The Vatican on Monday said the Catholic Church does not have the power to bless same-sex unions despite their “positive elements”, saying it was impossible for God to “bless sin”.
The powerful Vatican office responsible for defending church doctrine, The Congregation for the Doctrine of the Faith (CDF), issued a response to the question, “Does the Church have the power to give the blessing to unions of persons of the same sex?”
“Negative,” read the CDF’s response, signed by Cardinal Luis Ladaria, prefect of the doctrinal office that was first set up in 1542 to hear heresy cases.
Blessings are not allowed, wrote the CDF, because what is to be blessed needs to be “objectively and positively ordered to receive and express grace, according to the designs of God inscribed in creation, and fully revealed by Christ the Lord”.
“For this reason, it is not licit to impart a blessing on relationships, or partnerships, even stable, that involve sexual activity outside of marriage (i.e., outside the indissoluble union of a man and a woman open in itself to the transmission of life), as is the case of the unions between persons of the same sex,” it wrote.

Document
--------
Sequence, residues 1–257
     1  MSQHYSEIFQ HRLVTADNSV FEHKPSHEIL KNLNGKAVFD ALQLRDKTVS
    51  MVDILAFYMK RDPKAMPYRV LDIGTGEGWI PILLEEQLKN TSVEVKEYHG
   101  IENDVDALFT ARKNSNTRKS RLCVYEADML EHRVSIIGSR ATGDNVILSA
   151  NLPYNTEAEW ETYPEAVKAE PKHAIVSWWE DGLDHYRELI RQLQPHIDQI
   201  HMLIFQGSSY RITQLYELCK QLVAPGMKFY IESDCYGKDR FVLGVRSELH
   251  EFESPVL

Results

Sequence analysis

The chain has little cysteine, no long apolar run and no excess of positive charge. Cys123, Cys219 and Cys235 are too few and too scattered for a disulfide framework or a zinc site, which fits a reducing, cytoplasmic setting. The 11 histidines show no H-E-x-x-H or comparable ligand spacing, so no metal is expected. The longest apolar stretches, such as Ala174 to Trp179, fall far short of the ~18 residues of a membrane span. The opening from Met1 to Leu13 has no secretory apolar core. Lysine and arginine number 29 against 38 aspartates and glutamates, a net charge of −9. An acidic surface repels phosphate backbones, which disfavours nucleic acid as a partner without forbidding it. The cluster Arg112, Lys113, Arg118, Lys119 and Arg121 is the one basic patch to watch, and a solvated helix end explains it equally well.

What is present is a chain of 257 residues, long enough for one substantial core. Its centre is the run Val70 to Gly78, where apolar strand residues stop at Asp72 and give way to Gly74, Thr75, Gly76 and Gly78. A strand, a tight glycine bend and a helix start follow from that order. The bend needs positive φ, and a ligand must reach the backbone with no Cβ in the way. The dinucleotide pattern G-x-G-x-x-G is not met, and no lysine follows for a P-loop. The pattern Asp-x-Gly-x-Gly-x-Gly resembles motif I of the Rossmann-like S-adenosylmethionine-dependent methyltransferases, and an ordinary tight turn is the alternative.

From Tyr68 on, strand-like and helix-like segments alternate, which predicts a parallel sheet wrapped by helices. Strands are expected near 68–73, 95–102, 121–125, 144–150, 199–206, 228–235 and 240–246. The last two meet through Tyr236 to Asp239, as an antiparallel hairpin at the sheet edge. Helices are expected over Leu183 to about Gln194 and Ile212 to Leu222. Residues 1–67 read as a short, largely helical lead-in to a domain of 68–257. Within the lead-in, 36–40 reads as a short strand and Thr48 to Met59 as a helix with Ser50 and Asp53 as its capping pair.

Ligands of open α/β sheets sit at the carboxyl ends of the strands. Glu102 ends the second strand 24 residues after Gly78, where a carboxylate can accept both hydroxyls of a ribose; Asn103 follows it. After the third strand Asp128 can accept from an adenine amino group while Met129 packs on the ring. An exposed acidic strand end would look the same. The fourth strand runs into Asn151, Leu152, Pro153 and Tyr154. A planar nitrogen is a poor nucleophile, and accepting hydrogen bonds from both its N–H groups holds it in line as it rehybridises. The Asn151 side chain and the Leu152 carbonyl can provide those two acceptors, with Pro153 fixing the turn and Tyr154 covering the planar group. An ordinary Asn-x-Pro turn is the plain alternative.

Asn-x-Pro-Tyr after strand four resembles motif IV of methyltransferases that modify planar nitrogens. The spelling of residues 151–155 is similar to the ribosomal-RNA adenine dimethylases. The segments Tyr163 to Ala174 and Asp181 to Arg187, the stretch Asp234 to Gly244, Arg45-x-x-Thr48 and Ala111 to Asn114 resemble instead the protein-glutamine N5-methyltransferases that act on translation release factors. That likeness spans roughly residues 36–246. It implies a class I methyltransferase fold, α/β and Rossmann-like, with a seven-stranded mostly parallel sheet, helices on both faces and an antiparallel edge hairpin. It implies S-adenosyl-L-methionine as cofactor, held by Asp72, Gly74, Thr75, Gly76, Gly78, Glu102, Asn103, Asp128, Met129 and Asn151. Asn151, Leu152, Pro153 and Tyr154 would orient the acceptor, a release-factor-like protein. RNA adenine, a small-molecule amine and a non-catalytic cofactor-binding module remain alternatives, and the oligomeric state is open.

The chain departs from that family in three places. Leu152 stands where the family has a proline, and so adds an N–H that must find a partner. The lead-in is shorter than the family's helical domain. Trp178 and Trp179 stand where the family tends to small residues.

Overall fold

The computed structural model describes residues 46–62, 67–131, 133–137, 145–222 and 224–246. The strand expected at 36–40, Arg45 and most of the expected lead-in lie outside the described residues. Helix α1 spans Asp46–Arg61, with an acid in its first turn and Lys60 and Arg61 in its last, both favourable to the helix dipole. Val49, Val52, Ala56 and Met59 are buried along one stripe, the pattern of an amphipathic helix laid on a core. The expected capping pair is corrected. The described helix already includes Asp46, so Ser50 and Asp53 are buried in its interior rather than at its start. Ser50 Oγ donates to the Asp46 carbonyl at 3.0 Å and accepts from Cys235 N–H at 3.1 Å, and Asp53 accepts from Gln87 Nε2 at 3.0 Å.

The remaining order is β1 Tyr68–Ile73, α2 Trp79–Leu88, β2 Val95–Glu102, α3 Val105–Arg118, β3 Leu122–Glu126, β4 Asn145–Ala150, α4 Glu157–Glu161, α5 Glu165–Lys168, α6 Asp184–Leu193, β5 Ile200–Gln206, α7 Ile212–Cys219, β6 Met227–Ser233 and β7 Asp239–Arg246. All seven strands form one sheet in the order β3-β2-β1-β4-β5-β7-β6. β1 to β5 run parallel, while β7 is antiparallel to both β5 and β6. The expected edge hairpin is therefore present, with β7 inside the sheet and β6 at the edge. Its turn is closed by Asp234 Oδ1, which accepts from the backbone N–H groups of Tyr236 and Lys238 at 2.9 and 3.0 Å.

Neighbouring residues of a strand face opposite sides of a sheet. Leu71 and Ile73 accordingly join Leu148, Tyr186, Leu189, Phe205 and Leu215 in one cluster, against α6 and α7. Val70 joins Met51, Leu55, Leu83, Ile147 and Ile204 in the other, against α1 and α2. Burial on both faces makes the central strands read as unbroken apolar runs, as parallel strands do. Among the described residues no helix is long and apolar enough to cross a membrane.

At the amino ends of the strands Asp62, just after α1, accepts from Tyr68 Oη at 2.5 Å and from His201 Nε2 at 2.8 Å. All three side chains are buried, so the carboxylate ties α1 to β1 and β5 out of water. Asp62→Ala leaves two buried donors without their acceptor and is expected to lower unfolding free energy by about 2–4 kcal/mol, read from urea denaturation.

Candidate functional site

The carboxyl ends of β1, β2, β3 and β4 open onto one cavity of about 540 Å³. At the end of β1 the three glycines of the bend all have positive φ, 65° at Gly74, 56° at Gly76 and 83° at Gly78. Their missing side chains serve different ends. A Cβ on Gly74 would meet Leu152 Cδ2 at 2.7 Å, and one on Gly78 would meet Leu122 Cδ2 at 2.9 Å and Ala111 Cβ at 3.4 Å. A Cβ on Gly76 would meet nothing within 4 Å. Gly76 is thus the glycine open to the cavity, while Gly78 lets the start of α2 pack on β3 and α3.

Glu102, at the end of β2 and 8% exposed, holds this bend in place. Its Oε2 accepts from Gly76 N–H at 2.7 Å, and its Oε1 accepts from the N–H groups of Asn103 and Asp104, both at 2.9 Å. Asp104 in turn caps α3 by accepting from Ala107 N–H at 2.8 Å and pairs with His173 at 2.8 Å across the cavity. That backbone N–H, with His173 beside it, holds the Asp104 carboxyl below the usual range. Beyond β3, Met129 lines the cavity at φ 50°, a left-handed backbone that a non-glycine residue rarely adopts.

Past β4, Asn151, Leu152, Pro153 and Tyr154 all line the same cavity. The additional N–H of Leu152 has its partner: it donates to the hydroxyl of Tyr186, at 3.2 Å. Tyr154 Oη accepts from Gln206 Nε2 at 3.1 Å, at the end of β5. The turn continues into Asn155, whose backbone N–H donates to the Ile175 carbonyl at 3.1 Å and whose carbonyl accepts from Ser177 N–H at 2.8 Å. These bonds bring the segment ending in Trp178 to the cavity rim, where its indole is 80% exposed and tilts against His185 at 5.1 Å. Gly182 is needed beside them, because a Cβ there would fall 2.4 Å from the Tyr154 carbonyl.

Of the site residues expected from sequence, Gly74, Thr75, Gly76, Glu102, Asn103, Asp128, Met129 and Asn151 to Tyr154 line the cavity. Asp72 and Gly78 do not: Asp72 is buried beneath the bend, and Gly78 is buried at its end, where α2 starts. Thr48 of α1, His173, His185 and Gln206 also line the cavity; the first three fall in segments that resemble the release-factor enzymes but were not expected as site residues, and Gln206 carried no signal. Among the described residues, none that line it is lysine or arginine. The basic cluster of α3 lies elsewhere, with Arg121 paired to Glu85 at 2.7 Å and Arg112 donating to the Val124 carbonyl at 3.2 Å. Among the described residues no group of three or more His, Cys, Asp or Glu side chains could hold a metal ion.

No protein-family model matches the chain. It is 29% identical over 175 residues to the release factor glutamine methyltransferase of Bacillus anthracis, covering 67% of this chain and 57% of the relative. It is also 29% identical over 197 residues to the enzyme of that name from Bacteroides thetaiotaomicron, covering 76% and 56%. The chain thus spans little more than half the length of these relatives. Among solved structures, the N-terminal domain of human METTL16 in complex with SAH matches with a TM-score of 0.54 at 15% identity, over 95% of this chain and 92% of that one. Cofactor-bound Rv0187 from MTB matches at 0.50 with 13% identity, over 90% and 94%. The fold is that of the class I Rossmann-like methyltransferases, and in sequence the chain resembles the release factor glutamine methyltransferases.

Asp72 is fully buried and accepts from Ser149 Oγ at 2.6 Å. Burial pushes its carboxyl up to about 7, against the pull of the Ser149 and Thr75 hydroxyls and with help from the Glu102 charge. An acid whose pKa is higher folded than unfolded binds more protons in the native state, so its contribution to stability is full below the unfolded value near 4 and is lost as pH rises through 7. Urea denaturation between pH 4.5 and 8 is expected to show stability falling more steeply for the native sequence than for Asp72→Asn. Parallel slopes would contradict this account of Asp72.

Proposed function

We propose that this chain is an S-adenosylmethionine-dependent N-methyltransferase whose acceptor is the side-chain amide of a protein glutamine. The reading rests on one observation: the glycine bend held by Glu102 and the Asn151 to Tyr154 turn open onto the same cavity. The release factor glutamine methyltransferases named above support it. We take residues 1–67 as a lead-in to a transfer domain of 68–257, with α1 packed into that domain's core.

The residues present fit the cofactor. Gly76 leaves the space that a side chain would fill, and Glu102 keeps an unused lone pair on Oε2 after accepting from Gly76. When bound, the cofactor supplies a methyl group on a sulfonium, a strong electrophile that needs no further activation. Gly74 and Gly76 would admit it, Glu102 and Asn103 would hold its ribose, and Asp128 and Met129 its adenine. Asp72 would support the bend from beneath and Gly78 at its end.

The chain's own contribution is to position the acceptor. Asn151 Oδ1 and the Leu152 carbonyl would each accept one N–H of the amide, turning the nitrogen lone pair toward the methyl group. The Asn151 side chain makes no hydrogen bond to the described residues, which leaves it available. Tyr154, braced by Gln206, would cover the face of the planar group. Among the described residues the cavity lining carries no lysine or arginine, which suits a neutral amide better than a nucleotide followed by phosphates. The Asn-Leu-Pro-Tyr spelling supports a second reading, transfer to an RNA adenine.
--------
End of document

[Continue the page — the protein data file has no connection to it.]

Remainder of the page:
The CDF wrote that such relationships might have positive elements to be valued, but that did not make them “legitimate objects of an ecclesial blessing, since the positive elements exist within the context of a union not ordered to the creator’s plan”.
The office wrote that while God “never ceases to bless each of His pilgrim children in this world… he does not and cannot bless sin”.
Pope Francis approved the response by the CDF, saying it was “not intended to be a form of unjust discrimination, but rather a reminder of the truth of the liturgical rite”.
Some parishes in recent months, including in Germany and the US, have started giving blessings to people in same-sex relationships as a way to welcome gay Catholics to the church, Reuters news agency reported.
The news thus kills any hope for gay catholics who were hoping to have their unions recognized by the church.